The first 26 paintings, which Fr. Bates completed from 1988 to 1993, cover the biographical portions of the Confessions leading to Augustine’s baptism. As he worked through the book in chronological Order, Fr. Bates found that the imagery gathered around 12 themes, such as "Knottedness" and "Sweetness Fled/Sweetness Found." Augustine’s description of the scriptures as "sweet honey," for example, gave rise to a motif of golden honeycombs in many paintings.
The series was recommenced in 2003 when Fr. Bates began doing a series of self-portraits that were entered into the imagery of Augustine’s autobiography. Fr. Bates found that the self-portraits added a sense of "the unity of the search for self-knowledge and the search for a knowledge of God."
Aside from very limited exhibitions, Fr. Bates’ collection has not yet had an audience. "I don’t believe most of the Augustinian friars are aware of this project," he said. Currently, the majority of the collection is housed under the care of St. Jude parishioner Jeff Ohner in New Lenox, IL. Four paintings from the series are on display in the Colegio Santa Monica House in Rome.
Having finished the project and now in retirement in Crown Point, IN, Fr. Bates has now put his efforts toward finding a location to permanently display the paintings, ideally within one of the Augustinian parishes or homes. "I hope the Augustinians accept it as a legacy. This is my gift to the Order."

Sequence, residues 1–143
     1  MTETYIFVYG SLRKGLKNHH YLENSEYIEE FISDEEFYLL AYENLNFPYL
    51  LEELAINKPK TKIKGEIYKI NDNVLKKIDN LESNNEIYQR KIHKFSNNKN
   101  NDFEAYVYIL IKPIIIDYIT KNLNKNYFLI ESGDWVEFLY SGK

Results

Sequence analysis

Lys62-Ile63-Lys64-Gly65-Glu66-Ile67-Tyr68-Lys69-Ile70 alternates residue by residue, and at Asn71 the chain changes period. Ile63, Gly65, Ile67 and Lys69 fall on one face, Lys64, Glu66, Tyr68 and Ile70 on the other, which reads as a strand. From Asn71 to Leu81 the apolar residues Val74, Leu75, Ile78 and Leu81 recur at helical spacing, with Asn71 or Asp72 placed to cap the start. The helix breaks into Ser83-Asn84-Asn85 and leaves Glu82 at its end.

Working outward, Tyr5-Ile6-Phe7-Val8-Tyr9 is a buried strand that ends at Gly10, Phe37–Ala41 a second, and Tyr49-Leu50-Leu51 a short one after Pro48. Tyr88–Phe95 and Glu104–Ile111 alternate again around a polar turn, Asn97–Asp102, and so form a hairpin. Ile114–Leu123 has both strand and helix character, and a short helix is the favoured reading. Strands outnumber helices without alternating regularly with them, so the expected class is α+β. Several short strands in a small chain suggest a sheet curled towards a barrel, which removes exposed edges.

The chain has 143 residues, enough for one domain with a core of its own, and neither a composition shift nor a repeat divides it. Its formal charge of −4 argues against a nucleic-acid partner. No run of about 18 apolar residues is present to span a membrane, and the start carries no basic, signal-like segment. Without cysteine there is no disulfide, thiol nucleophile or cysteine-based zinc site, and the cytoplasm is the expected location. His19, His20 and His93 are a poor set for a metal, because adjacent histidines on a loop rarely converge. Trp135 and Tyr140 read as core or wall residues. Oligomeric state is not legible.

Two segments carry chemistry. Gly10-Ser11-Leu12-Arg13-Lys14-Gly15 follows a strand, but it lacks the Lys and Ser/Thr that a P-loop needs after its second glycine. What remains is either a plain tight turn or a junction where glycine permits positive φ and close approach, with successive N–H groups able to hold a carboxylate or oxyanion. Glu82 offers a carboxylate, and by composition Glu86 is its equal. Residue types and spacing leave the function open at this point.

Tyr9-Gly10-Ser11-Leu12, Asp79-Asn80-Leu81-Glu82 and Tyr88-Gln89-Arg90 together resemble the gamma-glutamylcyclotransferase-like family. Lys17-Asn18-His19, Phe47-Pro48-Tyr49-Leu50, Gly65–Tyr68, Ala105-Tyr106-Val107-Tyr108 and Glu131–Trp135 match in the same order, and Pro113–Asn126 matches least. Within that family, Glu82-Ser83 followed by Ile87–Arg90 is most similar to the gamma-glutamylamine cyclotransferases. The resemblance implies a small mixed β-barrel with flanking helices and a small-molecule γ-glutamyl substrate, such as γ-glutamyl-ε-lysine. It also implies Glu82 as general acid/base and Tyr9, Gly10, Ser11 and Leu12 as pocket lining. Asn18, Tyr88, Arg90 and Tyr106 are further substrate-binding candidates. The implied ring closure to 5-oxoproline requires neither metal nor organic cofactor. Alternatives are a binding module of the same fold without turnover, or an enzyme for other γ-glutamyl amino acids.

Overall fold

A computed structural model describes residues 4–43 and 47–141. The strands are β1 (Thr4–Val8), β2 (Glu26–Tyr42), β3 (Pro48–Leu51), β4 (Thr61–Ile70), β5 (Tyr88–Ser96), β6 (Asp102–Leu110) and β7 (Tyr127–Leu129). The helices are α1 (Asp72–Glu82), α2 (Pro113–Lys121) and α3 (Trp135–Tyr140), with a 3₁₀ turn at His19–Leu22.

Selected Paintings from "Wedding of Word & Image: Illustrations from The Confessions of St. Augustine":
"I heard your answer, O Lord my God, and from this truth I sucked out a drop of sweetness." Confessions, XIII
"The Secret of Your Face"
"Give thyself to me, give thyself once more to me, I love thee . . . if my love is too small a thing, grant me to love more intensely, I cannot measure to how much my love falls short of sufficiency, that I will run to thy embrace and never be turned away until it is hidden in the secret of your face." Confessions, XIII
"Themes Coming Together"
"But the abyss of the human conscience lies naked in your EYES, O Lord, so would anything in me be a secret even I were unwilling to confess to You? I WOULD BE HIDING YOU FROM MYSELF, BUT NOT MYSELF FROM YOU." Confessions, X
"The All-Seeing Eye of God Theme"
"LOOK and SEE, O my God, whence springs my desire. The unrighteous have told me titillating tales, but have nothing to do with your law. SEE, Father, and have regard to me and SEE that law is what stirs my longing..." Confessions, XI
"Monica's Prophetic Dream"
"In her dream she saw herself standing on a wooden rule and a youth all radiant coming to her cheerful and smiling upon her, whereas she was grieving and heavy with grief... He commanded her to be at peace and told her to observe carefully and she would see that where she was, there was I also. She looked and saw me standing alongside her on the same rule." Confessions, III
"The Drops of My Time..." Text: "But when will the voice of my pen have power to tell all Your exhortations and all Your terror, Your consolations and the guidance by which You have brought me to Your people a preacher of Your word and a dispenser of your Sacrament? Even had I the power to set down all these things duly, the drops of my time are too precious." Confessions, XI
"A Question to Myself"
"I beg you to REVEAL MYSELF TO ME, O my God, so that I may CONFESS the wounded condition I DIAGNOSE in myself... Let me try again, and QUESTION MYSELF more carefully." Confessions, X